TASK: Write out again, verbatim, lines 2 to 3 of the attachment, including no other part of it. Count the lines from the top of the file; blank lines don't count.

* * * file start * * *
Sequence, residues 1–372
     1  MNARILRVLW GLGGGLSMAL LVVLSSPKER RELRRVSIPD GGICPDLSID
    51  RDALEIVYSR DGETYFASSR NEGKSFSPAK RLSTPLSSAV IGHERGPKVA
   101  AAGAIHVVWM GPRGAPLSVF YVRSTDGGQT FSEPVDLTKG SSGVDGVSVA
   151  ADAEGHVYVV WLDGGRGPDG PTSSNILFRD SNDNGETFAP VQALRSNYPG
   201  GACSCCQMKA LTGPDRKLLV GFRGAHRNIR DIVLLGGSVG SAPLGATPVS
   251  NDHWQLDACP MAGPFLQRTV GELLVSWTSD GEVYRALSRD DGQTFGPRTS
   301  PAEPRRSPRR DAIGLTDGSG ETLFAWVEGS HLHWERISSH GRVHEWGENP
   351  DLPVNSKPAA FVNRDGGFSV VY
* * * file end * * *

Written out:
     1  MNARILRVLW GLGGGLSMAL LVVLSSPKER RELRRVSIPD GGICPDLSID
    51  RDALEIVYSR DGETYFASSR NEGKSFSPAK RLSTPLSSAV IGHERGPKVA